In Silico Based Rank-Order Determination and Experiments on Nonaqueous Electrolytes for Sodium Ion Battery Applications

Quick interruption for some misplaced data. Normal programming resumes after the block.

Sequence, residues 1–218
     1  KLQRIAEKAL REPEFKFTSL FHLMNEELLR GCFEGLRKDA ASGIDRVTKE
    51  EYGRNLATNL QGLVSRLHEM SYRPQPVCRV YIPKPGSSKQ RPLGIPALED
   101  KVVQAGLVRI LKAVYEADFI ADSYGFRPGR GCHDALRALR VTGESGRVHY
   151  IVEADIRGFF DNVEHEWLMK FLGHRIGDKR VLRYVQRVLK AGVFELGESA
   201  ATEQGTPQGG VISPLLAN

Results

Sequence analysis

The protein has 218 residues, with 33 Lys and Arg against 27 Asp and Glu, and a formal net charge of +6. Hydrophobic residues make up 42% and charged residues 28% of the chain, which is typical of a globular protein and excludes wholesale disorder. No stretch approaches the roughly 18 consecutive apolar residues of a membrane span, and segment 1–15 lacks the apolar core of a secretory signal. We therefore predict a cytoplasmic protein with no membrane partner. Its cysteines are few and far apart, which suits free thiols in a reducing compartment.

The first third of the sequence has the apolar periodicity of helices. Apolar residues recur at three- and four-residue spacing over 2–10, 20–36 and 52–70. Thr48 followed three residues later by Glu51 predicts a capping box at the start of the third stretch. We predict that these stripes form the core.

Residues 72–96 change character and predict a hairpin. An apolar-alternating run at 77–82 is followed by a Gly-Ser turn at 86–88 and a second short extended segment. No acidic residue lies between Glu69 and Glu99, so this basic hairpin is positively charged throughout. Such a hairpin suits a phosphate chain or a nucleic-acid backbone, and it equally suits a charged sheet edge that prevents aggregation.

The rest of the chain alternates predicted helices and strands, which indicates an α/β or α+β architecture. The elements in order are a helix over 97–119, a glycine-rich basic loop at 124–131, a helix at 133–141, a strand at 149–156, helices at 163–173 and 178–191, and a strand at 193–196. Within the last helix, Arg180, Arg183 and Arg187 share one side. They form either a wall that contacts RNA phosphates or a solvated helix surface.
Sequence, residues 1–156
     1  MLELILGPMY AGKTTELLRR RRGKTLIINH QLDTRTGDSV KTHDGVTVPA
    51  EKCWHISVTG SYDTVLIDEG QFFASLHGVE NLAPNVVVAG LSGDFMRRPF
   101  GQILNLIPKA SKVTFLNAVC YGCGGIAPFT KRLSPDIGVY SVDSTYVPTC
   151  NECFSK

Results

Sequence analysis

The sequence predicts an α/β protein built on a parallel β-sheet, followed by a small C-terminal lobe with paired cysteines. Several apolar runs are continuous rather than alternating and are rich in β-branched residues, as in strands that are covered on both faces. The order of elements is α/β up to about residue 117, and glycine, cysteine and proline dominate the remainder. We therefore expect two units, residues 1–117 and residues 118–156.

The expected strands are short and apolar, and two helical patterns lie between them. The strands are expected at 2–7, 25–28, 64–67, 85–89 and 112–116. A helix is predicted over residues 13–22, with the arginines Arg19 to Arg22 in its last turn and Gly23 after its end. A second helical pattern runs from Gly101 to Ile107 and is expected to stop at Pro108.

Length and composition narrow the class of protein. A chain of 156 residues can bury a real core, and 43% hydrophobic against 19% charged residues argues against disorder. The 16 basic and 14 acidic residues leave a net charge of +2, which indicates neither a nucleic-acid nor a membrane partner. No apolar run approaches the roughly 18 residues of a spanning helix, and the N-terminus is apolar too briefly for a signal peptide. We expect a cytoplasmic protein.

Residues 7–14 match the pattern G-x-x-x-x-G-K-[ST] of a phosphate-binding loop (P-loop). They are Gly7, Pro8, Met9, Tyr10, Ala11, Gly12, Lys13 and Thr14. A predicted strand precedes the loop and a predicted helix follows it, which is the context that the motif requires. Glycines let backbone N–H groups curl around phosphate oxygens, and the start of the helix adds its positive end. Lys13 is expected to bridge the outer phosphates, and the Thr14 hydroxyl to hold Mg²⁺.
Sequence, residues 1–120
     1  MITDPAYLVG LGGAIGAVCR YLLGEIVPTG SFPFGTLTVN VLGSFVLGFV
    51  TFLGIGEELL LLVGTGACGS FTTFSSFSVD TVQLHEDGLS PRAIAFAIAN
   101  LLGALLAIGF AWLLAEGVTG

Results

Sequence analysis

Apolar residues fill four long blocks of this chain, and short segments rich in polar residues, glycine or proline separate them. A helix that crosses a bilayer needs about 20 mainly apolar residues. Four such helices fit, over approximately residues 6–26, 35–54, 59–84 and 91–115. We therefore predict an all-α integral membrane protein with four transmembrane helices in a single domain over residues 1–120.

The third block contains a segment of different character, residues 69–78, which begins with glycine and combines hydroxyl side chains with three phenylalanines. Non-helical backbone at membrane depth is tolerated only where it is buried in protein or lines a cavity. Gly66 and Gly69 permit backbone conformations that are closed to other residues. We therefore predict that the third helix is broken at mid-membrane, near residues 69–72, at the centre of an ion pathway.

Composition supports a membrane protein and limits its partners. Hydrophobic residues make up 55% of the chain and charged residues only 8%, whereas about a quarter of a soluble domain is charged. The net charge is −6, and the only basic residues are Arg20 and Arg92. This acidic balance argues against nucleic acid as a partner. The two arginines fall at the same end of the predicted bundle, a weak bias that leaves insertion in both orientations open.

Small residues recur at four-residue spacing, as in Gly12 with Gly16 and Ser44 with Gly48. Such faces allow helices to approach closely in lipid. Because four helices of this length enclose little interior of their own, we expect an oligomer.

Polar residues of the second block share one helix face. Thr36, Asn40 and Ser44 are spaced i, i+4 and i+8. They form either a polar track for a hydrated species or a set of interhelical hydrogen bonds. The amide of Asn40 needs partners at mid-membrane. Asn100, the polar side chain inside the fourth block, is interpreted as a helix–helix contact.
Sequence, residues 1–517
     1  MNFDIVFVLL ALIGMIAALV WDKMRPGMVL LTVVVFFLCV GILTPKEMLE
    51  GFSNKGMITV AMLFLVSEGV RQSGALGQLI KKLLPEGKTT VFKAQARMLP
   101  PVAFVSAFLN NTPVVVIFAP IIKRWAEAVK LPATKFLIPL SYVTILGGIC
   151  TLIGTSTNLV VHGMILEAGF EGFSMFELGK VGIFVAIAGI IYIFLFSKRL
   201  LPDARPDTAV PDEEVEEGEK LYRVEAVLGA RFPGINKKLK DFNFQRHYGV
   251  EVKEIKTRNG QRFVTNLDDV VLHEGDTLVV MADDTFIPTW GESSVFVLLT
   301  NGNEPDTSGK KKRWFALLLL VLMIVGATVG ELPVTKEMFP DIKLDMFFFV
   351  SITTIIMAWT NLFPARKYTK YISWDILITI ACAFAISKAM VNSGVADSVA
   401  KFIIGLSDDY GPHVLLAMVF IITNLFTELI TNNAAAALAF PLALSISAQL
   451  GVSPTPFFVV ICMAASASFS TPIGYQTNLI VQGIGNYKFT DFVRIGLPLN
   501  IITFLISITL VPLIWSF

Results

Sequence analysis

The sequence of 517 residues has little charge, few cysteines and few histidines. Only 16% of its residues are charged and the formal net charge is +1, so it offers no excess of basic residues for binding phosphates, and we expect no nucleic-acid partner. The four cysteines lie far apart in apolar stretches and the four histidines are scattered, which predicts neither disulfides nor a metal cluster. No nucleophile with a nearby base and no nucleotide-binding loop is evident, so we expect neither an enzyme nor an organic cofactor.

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Electrolytes are an important component of electrochemical energy storage systems and their optimization is critical for emerging beyond lithium ion technologies. Here, an integrated computational-experimental approach is used to rank-order and aid the selection of suitable electrolytes for a Na-ion battery. We present an in silico strategy based on both thermodynamic and kinetic descriptors derived from molecular dynamics simulations to rationally arrive at optimal electrolytes for Na-ion batteries. We benchmarked various electrolytes (pure and binary mixtures of cyclic and acyclic carbonates with NaClO4 salt) to identify appropriate formulations with the overarching goal of simultaneously enhancing cell performance while meeting safety norms. Fundamental insights from computationally derived thermodynamic and kinetic data considerations coupled with atomistic-level description of the solvation dynamics is used to rank order the various electrolytes. Thermodynamic considerations based on free energy evaluation indicate EC:PC as a top electrolyte formulation under equilibrium conditions. However, kinetic descriptors which are important factors dictating the rate capability and power performance suggest EC:DMC and EC:EMC to be among the best formulations. Experimental verification of these optimized formulations was carried out by examining the electrochemical performance of various electrolytes in Na/TiO2nanotubes half cells with NaClO4 salt. Our rate capability studies confirm that EC:DMC and EC:EMC to be the best formulations. These optimized formulations have low-rate specific capacities 120–140 mAh/g whereas the lower ranked electrolytes (EC: DEC) have capacities 95 mAh/g. The various electrolytes are also evaluated from a safety perspective. Such results suggest encouraging prospects for this approach in the a priori prediction of optimal sodium ion systems with possible screening implications for novel battery formulations.


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